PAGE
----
I took advantage of some quiet moments recently to read two of deKunffy’s books, The Ethics and Passions of Dressage (1993) and Dressage Principles Illuminated (2002). These two works offer a great deal of insight into deKunffy’s philosophy of teaching and training horses and riders. If I had tried to read either of these books when they were first published, I am certain I would have tossed them aside. As a student of horsemanship then, I would not have been ready for this teacher. But in reviewing them now, decades later, I continue to find inspiration and confidence in deKunffy’s words.
The Ethics and Passions of Dressage reads like a series of short essays, almost an annotated “FAQ” of classical horsemanship (please forgive me if that sounds flippant). In particular, I appreciated the chapters detailing deKunffy’s definition of Baroque art and why horsemanship is part of that tradition. I especially valued a chapter explaining why classical horsemanship and competitive horsemanship should be synonymous terms. Let me explain why this last chapter was so meaningful.
When I first began seriously studying dressage, it was just after several elite international competitors were seen using a “new technique” called hyperflexion during their warm ups. These horses then went on to give winning performances in the competition arena. Now called rollkur and formally prohibited by the FEI, the use of this practice ignited a firestorm of passionate debate that ultimately drove a wedge between “competitive” and “classical” dressage riders.
At the time, my barnmates and I bristled whenever we heard someone say (often in a haughty manner) that they were a classical dressage rider, seemingly looking down their nose at those of us who enjoyed competition. In defense, we interpreted the term classical to mean ‘those riders too scared to test their skills in the show ring’, and wrote them off as irrelevant.
But in Ethics, deKunffy points out that there are not and should never be two kinds of dressage. Instead, the purpose bred sport horses of the modern era require an even greater commitment to the art of horsemanship, an art form that can only survive if its students are taught the correct fundamentals. A former FEI and USEF “S” dressage judge, deKunffy looks to these organizations and their judges to protect classical dressage in the competitive arena.
But he is equally adamant that competition is not the only, or even the best, way for a rider to prove her skills. He explains that the rules of classical horsemanship have been tested by thousands of riders on millions of horses. Following these rules should lead to success, and success should be defined as ‘elevating a horse to the level of art’. Whether that happens in a competition arena or at home in the schooling ring is ultimately irrelevant.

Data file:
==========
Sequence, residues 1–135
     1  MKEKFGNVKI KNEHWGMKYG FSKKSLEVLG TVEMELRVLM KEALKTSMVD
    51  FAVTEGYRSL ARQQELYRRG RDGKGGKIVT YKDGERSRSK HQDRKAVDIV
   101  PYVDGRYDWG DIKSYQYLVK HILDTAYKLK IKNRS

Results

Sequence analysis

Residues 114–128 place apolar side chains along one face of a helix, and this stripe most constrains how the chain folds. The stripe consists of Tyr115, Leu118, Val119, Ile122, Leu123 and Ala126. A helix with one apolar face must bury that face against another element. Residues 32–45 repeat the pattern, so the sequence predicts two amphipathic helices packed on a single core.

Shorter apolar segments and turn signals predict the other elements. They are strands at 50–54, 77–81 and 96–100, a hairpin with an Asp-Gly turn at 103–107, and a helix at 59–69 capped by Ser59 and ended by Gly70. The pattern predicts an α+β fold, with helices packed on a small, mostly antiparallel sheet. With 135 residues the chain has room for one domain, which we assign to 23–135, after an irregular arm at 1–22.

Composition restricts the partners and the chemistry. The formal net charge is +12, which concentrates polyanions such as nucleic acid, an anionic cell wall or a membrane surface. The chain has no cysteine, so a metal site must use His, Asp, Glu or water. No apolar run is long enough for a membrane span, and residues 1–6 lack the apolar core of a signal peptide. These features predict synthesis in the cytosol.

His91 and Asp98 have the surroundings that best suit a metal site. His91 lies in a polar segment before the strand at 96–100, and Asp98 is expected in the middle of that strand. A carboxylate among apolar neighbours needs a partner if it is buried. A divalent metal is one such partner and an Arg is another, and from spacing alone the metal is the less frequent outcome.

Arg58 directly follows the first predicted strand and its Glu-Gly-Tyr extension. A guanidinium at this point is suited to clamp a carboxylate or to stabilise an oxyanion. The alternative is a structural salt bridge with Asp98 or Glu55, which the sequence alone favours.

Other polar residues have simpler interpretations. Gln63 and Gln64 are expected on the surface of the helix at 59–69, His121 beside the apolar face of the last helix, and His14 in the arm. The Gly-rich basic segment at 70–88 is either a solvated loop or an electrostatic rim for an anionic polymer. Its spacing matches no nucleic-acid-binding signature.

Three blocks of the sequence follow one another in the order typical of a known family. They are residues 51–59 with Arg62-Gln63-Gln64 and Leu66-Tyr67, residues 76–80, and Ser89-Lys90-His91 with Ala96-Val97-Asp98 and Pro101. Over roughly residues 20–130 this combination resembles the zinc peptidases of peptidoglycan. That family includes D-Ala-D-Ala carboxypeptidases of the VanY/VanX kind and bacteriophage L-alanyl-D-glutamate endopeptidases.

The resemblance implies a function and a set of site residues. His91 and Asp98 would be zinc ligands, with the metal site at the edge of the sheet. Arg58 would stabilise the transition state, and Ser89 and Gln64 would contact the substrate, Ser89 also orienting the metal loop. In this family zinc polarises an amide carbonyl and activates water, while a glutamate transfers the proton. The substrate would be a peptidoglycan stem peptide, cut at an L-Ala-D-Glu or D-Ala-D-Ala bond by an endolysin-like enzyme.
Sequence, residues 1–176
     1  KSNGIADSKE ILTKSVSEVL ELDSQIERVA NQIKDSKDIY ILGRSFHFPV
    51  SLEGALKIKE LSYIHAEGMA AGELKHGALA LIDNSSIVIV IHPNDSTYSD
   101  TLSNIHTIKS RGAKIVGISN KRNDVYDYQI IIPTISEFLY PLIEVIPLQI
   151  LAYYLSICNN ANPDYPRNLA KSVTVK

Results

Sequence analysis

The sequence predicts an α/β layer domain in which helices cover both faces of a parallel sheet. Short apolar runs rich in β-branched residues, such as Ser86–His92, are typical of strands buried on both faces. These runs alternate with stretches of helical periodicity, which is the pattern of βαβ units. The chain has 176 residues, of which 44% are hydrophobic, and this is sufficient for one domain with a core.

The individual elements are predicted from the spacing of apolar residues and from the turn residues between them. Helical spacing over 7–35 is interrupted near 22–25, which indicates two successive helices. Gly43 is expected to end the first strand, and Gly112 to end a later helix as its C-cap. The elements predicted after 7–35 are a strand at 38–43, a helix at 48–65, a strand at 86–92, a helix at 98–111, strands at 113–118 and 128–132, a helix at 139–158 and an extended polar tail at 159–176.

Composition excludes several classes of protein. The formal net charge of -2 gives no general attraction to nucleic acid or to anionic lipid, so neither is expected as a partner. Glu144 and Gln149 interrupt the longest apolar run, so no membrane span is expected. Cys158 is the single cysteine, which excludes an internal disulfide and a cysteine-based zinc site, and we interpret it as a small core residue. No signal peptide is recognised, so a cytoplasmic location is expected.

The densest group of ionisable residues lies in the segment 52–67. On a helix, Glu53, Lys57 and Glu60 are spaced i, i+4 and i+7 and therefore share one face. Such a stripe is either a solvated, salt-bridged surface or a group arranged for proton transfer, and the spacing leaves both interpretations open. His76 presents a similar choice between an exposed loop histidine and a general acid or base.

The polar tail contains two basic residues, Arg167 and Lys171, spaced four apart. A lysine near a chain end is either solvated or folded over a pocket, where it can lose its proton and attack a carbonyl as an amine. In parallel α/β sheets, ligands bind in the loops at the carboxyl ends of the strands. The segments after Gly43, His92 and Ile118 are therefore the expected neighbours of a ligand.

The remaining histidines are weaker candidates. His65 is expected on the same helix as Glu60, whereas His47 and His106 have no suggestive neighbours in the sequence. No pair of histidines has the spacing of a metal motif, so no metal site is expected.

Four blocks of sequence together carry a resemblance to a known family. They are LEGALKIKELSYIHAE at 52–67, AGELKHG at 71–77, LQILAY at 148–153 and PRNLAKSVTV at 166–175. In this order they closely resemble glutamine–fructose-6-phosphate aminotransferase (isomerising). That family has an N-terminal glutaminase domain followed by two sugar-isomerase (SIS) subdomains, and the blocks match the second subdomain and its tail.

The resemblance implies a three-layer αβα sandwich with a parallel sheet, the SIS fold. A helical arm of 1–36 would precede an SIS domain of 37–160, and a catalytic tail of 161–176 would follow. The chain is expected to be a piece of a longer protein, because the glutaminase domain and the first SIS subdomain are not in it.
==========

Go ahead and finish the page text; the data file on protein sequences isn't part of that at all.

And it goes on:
In Dressage Principles Illuminated (currently being updated), deKunffy shares his insights on the “how-to” aspect of classical horsemanship. This book is divided into three parts and covers classical philosophy and exercises for developing horse and rider in some detail. It is illustrated with photos of dancing horses, clearly light and happy in their work, who have soft mouths and eyes, lowered haunches and rounded backs.
Dressage Principles is full of quotes that I want to print and post in my barn and tack room so that I must remember them constantly. Here are a few of my favorites:
“Learning from horses is compulsory for riders, and those who resist it must suffer the consequences of ignorance through pain and damage.” (pg. 5)
“Competition can be a rewarding tool for goal orientation and discipline…Competition sharpens riders by focusing them on improved equitation and by making them aware that they are public performers.” (pg. 29)
“The horse is a perfect creature, an evolutionary wonder, without the rider. However, there can be no rider without a horse. To be an equestrian is to take a position in life dedicated to the well-being of horses in terms of their needs.” (pg. 119)
There are so many more. But again, when this book was first published, I am sure that I would have been in too much of a hurry to thoughtfully hear what the Teacher had to say.
I recognize that as a riding coach, I take my time and preach a more conservative approach than perhaps some others I know. I believe that it is always faster to go slowly. The rider who has committed to developing a strong and supportive lower leg, centered balance and an empathetic hand in the long run will be safer, more horse-friendly and have more fun that one who has not. It is my role as teacher to meet my students wherever they are and help them to achieve this goal.
As students, we can all be too greedy to show tangible progress. As teachers, it can be tempting to give in to the student and let her jump a larger fence, or move up a competitive level, especially if you worry she will leave and go to another teacher if you say no. But it is essential that the teachers of horsemanship maintain their principles in order to protect both the student and the horse.
We live in a world where everything moves so quickly and we have come to expect near instant gratification of our desires and responses to our requests. Horsemanship is not, and should never become, that type of pursuit. The true horseman understands that “It is a meditative art. You are a student of the horse.” (deKunffy, in the Chronicle article cited below).
It is perhaps only when a student shifts her thinking in this way that her Teacher will appear.
Charles deKunffy was born in Hungary and survived Nazi occupation before fleeing Soviet rule in the 1950s and emigrating to the US. He attributes his status as an elite equestrian for saving his life, literally and figuratively, both in those dark days and the years to come. He has dedicated his life to “advocating on behalf of the animal that saved him, acting as a link between the prestigious training he received in classical dressage from the masters in Europe and students of today.” (“Charles deKunffy: Saved by Horses, by Jennifer B. Calder, The Chronicle of the Horse June 5&12, 2017)